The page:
Pray for perseverance.

Lord, it’s easy to start well but something else again to finish well.  When a heart realizes that this missing, this sorrow and this pain is going to be with it for all the days of life on earth, that’s a whole other burden to bear.  Defeat seems imminent.  How can someone possibly carry this for years-perhaps decades?  Give my friend the commitment and strength to persevere.  Help her wake each day and decide to keep on keeping on.  Infuse her tired body, mind and spirit with the power You have promised to give to all who love you:  the power that raised Jesus from the grave (Ephesians 1:19,20).

Pray for love.

Father God, a broken heart is open and ready for filling.  And it will be filled with something.  It will be filled with love or it will be filled with bitterness.  Overwhelm my friend with Your grace, mercy and love so that all the spaces are filled to overflowing with You and there is no room for bitterness.  Bind the work of the enemy so that no scheme formed against him can stand.  Give him a heart of flesh-that even hurting, even broken-he can give and receive love.  Because love lives forever.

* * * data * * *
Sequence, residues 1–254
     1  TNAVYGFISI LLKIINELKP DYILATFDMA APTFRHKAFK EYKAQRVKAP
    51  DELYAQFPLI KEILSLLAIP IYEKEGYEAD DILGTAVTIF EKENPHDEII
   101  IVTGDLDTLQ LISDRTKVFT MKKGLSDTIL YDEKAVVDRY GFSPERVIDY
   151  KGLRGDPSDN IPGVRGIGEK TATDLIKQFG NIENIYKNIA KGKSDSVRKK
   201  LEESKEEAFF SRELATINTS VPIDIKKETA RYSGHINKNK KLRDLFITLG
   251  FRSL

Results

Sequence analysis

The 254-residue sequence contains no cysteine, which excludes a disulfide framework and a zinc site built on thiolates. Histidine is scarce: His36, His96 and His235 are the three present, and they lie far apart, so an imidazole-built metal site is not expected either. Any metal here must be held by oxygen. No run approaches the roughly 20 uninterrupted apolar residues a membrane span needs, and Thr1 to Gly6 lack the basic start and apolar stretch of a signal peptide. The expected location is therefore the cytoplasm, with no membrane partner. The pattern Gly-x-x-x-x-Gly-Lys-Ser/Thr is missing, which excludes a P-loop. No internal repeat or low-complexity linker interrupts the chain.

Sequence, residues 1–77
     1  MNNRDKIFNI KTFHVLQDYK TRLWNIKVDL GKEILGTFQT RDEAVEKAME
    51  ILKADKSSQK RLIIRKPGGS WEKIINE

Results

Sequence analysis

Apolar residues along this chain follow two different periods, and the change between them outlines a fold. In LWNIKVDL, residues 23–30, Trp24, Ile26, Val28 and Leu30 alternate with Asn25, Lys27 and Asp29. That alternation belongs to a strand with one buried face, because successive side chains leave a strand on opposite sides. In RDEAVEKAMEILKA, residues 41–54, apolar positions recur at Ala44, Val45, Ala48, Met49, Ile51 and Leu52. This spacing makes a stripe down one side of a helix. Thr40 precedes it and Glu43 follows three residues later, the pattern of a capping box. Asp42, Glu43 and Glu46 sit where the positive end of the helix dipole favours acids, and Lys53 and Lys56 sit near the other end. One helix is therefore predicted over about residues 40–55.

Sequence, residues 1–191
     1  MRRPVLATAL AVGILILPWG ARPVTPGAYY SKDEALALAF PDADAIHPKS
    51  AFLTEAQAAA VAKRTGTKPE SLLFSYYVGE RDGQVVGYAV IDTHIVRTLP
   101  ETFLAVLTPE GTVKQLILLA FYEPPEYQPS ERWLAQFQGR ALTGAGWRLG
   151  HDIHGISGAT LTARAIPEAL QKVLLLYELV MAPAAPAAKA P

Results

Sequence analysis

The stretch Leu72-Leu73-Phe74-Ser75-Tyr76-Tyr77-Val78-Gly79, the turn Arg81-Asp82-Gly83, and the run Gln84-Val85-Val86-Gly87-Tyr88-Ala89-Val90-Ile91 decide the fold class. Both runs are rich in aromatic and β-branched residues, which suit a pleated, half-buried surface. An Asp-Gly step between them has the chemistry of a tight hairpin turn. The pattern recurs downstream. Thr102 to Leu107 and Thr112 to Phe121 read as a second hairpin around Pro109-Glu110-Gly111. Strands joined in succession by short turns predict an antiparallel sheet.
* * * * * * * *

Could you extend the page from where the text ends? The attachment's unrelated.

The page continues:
Amen.

hope holds a breaking heart together

Repost: They Don’t Know What They Don’t Know

I remember the first couple times I ventured out in public after Dominic left us and the flurry of activity surrounding his funeral was over.

I felt naked, afraid and oh, so vulnerable.  

The tiniest misplaced word or random glance could undo me and I burst into tears.  

They Don’t Know What They Don’t Know

Life. Suspended.